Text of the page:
For many years he was a member of Clitheroe Conservative Club and of the R.A.O.B., and during the war he held the rank of inspector in the Clitheroe branch of the Special Constabulary.
A widower, Mr Fletcher leaves three married daughters, who will have sympathy in their bereavement.
Directors and members of the staff of Jubilee Mill and representatives of the R.A.O.B. were among those attending the funeral at St. Mary’s Cemetery on Wednesday. The Rev. C J Guildford officiated.

Wedding Wednesday – Robert Barlow and Margaret Webster

Margaret Webster is my 2nd cousin 1x removed. Her parents are James Paley Webster and Mary Slinger. Our common ancestors are James Paley and Mary Ann Spink – my 2x great grandparents.

Margaret was born in Clitheroe, Lancashire – her birth is registered in the March quarter of 1935.

On 16 August 1958 Margaret married Robert Barlow at St. James’s Church, Clitheroe. The wedding was announced in the Clitheroe Advertiser and Times on Friday 22 August 1958 (image from http://www.britishnewspaperarchive.co.uk).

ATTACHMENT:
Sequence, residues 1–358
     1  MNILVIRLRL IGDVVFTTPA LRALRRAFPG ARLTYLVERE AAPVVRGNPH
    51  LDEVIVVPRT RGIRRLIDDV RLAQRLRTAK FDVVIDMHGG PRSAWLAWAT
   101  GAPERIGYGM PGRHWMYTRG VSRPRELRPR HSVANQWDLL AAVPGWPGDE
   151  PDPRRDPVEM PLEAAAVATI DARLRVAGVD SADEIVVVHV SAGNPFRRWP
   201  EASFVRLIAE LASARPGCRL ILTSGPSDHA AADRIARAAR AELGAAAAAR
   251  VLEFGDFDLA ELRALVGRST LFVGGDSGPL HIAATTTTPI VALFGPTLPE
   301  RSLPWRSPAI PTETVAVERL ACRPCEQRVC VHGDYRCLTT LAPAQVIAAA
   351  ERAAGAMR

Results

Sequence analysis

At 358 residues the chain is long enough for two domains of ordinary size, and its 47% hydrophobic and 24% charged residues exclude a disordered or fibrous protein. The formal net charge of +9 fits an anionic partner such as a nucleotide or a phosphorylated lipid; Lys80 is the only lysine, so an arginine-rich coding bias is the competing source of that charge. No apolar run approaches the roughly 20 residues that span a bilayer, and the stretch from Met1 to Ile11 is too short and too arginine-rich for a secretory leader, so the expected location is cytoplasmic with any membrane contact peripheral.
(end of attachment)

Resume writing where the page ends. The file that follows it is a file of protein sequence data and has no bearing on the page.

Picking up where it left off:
Margaret Webster & Robert Barlow - CAT 22 August 1958.png

BARLOW – WEBSTER

The wedding took place on Saturday at St. James’s Church, Clitheroe, of Mr. Robert Barlow, of 59 Bolland Prospect, Clitheroe, and Miss Margaret Webster, the only daughter of Mr. and Mrs. J. Webster, of 15 Fort Street, Clitheroe.
The bride wore a full-length gown of white net over taffeta, trimmed with seed pearls and sequins, with full-length veil to match. She carried pink and white carnations.
The bridesmaid was Miss Audrey Braithwaite, a friend, who wore pink Terylene over taffeta with headdress to match. She carried pink carnations.
The small attendant was a cousin of the bride, Miss Myra Smith, who was dressed in pink nylon over taffeta, and carried a posy of pink carnations.
Best man was the bride’s brother, Mr. Matthew Webster, and the groomsman was Mr. Dennis Smith, cousin of the bride.